30 Criminally Good Artists We Couldn’t Stop Obsessing Over In 2013

The Mowgli'sThe Mowgli’s: About five seconds into The Mowgli’s “San Francisco,” you’ll understand why it became a big alternative hit for the California-based indie/gospel/folk eight-piece. For one thing, “San Francisco” is an exuberant cavalcade of high-octane good #feels, with gang harmonies that sound broadcast from the grooviest hippie love-in this side of John and Yoko’s bed. The rest of the songs on their 2013 album, Waiting For The Dawn, like “Love Is Easy,” follow that mold, with a few diversions into trippy psychedelia. The band, who spent the year performing at basically every music festival around the country, seem tailor-made for the current Era Of Sincerity. On the other hand, the only explanation for them not being bigger stars by now is simple: Love is dead :( — LO

Mykki BlancoMykki Blanco: Much like the aforementioned Le1f, rapper and producer Mykki Blanco effortlessly fuses fashion and performance art and is constantly experimenting with hip-hop’s gender lines. Need proof? Just look to tracks like “Bugged Out” and “Feeling Special,” from this year’s Betty Rubble: The Initiation Blanco, where Michael David Quattlebaum shows off a unique flow, vocal style, and ear for intense, trap-like beats. In terms of his live shows, last summer Blanco flirted with big stages while opening for Tricky and Bjork, but an artist who stays this close to their own vision might be too unique for the full mainstream success story. (Which, incidentally, might be better for the rest of us.) –LO

nononoNONONO: If there are two things we’ve fallen head over heels for in the past couples years, it’s immaculately designed Scandanavian dance pop — the kind that’s as cool and sleek as the people who make it. Two songs from the Swedish trio NONONO fit the bill perfectly, “Pumpin’ Blood” being the former, and “Jungle” the latter. “Pumpin’ Blood” is already the hit it was always destined to be (you might recognize its whistling hook from that Samsung Galaxy IV commercial), but there’s room on the rest of their EP for the group to graduate to Icona Pop status. –LO

palma violetsPalma Violets: Could we be in for a resurgence of boozy, guitar-based rock in the next year? If so, expect the London four-piece Palma Violets to be one of the forerunners. The Rough Trade rockers have already made a big splash at home among the Brit music press — NME named “Best of Friends” their Track Of The Year in 2012. But that hasn’t translated into similar acclaim in The States. (Yet.) The growling but majestic, swaggering noise anthems of their debut, 180, have all the ingredients for what we need out of a new class of rock star — especially the British part. –LO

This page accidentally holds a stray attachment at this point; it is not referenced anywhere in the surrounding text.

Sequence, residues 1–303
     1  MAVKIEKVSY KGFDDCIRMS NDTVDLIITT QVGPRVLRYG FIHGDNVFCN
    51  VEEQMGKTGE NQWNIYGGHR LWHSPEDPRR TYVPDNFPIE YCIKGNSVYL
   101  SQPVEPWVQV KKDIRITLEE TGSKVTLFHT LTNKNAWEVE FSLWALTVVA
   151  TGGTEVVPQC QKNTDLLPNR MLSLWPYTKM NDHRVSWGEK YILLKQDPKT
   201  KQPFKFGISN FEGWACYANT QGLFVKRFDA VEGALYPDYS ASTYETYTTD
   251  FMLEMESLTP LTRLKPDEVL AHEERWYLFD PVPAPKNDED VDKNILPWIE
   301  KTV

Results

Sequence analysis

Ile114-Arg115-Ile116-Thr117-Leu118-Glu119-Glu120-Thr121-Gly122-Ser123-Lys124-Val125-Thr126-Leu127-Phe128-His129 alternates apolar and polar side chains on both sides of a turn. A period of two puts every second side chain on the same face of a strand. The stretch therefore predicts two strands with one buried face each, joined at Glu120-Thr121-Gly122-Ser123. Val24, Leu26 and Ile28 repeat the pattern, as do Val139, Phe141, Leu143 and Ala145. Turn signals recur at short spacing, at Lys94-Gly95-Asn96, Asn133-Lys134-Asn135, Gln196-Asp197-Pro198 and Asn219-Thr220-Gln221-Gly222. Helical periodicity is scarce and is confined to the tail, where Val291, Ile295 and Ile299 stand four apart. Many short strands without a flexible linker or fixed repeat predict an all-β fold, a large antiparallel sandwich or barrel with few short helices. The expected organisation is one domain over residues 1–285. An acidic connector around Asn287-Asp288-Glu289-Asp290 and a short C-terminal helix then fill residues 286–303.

Pure Bathing CulturePure Bathing Culture: Portland dream-pop duo Pure Bathing Culture (guitarist Daniel Hindman and keyboardist Sarah Versprille) sing lush, heartbreakingly earnest singles (such as “Dream The Dare” and “Pendulum”) that bring to mind other haze-pop bands such as Beach House, Wild Nothing, and even classic contenders Fleetwood Mac. Writing music together since 2009, Hindman and Versprille are currently surfing the success wave of their debut, Moon Tides, which topped a number of critics’ year-end lists (Stereogum, Gorilla vs. Bear). Intrigued? Keep the dream (pop) alive this winter when Pure Bathing Culture go on tour in early 2014. –RB

Spirit AnimalSpirit Animal: The New York quartet — who are somehow not Charlie’s band on “Girls” — taught us some rock ‘n’ roll dance moves this year with “The Black Jack White,” a song inspired by the blues-rocker that’s basically a guide to air guitar. As the song proves, the hard-riffing dudes do just fine with the real thing. The group’s Kingdom Phylum EP dropped in October, and they’re already at work on more music — and maybe even some new moves. –DG